Playing Chess with Go

A practical introduction to the
Go Programming Language

Christoph Hack <>
PyGraz MeetUp, Tuesday, May 1, 2012



My current toy project for exploring modern web technologies (HTML 5, WebSockets) and concurrent systems using Go.

Live Demo:

Ugly Code: I haven't settled on a board representation (0x88 vs. bitboard) and algorithm yet. Seeking advice!

Contributions are welcome. Getting Started:

go get

Web Servers in Go

Interlude: Go's type system

type Celsius float64

func (c Celsius) String() string {
    return fmt.Sprintf("%.3f °C", c)

type Fahrenheit float64

func (f Fahrenheit) String() string {
    return fmt.Sprintf("%.3f °F", f)

func (f Fahrenheit) ToCelsius() Celsius {
    return Celsius((f-32)*5.0/9.0)

func main() {
    a := Fahrenheit(451)
    b := a.ToCelsius()
    fmt.Println(a, b)

float64, Celsius and Fahrenheit are three disctinct types with different method sets. They just happen to have the same binary representation.

Interlude: Interfaces

The Handle() function of the net/http package can be used to register HTTP handlers. It has this signature:

func Handle(pattern string, handler Handler)

Handler is the following interface:

type Handler interface {
    ServeHTTP(ResponseWriter, *Request)

So we can register any object which has such a ServeHTTP() method!

Example: A simple web application

package main

import (

type Blog struct {
    Title string
    Posts []string

func (b *Blog) ServeHTTP(w http.ResponseWriter, r *http.Request) {
    tmpl.Execute(w, b)

var tmpl *template.Template = template.Must(template.New("").Parse(`
    <ul>{{range .Posts}}<li>{{.}}</li>{{end}}</ul>`))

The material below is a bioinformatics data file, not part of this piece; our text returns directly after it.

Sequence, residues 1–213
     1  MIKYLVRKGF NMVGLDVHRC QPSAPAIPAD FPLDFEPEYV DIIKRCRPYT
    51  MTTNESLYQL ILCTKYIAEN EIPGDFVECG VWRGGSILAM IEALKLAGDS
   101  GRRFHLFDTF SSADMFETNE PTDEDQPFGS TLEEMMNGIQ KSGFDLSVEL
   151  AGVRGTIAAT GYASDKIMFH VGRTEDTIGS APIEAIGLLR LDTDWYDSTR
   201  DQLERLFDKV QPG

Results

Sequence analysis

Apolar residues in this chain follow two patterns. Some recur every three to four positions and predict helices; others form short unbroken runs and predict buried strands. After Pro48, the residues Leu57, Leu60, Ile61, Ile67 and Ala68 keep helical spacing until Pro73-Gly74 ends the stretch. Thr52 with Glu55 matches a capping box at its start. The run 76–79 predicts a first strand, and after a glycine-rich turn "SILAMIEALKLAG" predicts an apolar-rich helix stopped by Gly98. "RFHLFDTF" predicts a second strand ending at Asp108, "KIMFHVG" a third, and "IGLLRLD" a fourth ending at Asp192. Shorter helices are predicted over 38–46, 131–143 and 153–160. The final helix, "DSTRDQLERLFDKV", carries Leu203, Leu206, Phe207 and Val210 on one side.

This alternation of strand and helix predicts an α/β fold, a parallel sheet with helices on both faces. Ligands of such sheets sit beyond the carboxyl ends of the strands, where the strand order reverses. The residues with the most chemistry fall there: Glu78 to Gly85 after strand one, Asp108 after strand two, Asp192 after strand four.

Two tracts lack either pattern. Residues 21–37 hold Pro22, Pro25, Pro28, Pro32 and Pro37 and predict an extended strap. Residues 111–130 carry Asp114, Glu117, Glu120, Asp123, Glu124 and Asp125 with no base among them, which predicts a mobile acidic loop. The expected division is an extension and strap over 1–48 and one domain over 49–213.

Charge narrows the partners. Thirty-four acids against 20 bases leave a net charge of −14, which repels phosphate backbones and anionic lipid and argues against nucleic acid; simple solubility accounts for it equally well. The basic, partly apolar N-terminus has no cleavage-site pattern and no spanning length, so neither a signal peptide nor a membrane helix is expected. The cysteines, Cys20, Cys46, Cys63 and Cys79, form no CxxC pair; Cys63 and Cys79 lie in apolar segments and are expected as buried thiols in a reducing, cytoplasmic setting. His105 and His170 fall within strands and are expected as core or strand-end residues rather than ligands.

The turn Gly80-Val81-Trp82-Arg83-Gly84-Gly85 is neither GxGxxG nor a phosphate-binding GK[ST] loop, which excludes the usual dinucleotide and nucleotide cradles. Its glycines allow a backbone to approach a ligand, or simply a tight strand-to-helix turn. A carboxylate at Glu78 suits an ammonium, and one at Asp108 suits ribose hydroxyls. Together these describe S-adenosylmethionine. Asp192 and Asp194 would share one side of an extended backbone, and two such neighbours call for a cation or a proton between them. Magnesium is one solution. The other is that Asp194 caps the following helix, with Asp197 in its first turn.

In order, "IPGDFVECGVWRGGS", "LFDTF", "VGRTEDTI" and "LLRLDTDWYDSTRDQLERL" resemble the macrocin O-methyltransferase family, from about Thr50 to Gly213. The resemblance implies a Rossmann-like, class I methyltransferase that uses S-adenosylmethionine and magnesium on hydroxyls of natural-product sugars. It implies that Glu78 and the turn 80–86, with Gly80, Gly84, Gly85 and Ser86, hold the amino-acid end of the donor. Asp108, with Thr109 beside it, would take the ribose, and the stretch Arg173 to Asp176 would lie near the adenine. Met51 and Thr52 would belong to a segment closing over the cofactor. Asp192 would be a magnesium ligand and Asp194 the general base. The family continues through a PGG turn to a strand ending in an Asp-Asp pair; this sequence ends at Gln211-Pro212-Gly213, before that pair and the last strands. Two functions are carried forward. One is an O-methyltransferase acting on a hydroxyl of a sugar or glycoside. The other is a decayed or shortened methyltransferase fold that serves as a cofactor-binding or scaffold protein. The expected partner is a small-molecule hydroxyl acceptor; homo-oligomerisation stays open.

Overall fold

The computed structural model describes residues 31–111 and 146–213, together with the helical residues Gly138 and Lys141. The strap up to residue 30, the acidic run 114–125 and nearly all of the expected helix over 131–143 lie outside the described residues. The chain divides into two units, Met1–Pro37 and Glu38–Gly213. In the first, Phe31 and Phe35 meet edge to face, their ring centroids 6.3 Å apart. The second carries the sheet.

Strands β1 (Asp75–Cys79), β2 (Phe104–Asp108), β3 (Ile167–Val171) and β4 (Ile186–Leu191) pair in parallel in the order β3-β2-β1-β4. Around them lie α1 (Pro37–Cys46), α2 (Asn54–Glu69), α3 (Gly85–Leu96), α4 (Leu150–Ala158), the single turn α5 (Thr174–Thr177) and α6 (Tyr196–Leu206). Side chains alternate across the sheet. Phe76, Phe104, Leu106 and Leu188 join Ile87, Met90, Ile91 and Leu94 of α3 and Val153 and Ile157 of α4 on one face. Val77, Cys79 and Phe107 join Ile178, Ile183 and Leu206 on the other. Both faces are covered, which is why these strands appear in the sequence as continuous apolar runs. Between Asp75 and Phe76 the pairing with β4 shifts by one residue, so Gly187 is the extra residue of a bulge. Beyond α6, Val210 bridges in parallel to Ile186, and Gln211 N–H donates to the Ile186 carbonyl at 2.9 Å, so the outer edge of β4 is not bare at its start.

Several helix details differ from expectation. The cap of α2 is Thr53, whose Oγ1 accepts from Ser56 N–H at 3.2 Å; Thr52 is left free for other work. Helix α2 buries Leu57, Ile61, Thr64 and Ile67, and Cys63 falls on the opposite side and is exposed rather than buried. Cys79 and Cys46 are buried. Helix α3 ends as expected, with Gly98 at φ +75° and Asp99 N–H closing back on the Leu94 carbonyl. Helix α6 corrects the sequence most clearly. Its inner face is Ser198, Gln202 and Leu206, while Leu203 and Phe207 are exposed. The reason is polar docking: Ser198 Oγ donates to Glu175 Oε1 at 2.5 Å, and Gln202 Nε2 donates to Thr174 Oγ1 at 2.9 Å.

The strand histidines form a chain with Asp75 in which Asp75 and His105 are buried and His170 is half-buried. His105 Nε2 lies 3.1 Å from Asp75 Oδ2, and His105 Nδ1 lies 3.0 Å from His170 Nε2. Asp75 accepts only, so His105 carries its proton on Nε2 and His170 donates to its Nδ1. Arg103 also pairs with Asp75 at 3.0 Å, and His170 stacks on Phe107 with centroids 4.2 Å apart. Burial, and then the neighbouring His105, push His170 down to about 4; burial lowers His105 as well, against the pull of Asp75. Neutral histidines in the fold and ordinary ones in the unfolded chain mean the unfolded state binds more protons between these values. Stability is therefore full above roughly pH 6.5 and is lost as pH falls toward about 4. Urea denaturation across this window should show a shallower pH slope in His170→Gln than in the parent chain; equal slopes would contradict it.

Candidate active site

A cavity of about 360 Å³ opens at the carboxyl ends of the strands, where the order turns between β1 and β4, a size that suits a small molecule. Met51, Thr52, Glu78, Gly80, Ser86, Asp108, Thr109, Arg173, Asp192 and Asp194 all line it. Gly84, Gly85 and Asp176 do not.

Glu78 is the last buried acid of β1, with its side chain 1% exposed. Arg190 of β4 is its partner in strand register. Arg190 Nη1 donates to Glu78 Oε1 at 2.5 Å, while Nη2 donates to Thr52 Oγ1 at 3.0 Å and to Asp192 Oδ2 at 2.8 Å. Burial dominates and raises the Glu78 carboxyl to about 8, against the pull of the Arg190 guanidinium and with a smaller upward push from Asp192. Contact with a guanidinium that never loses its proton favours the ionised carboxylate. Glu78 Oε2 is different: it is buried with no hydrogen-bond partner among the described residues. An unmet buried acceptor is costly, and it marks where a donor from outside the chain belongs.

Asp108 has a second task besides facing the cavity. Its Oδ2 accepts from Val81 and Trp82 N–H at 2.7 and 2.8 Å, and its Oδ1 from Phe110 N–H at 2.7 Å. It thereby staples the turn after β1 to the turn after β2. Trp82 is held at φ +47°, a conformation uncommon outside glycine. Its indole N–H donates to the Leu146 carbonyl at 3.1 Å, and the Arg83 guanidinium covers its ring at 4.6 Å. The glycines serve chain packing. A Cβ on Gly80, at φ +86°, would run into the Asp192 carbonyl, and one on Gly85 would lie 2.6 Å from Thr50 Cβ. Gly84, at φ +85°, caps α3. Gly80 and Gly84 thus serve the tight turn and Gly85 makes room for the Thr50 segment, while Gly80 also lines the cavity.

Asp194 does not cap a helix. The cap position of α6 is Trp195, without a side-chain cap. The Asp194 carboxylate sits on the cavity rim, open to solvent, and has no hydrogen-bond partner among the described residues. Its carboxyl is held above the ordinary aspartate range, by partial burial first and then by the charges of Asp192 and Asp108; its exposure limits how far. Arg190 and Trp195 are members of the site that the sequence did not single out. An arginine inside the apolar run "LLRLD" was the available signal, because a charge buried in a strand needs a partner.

func main() {
    blog := &Blog{
        Title: "Hello  世界",
        Posts: []string{"My 1st post", "My 2nd post"},
    http.Handle("/", blog)
    http.ListenAndServe(":8000", nil)

Using functions for simple HTTP handlers

type HandlerFunc func(ResponseWriter, *Request)

func (f HandlerFunc) ServeHTTP(w ResponseWriter, r *Request) {
    f(w, r)

For convinience, there is also a http.HandleFunc() method which just casts a

func(ResponseWriter, *Request)

to a HandlerFunc before calling http.Handle().

package main

import "net/http"
import "fmt"

func handleIndex(w http.ResponseWriter, r *http.Request) {
    fmt.Fprintf(w, "Hello %s!\n", r.FormValue("name"))

func main() {
    http.HandleFunc("/", handleIndex)
    http.ListenAndServe(":5000", nil)

Multiplayer Chess: An easy task?

The Solution: Channels and Goroutines

Based on Communicating Sequential Processes (CSP)
by C. A. R. Hoare, 1978

Concurrency ≠ Parallelism

Structural Mismatch:

Don't communicate by sharing memory; share memory by communicating.

Simple and easy way to write and debug concurrent programs.

Example: Hooking up Players

var available = make(chan *Player, 100)

func hookUp() {
    a := <-available
    for {
        b := <-available
        if a.Alive() {
            go play(a, b) // start a new game
            a = <-available
        } else {
            a = b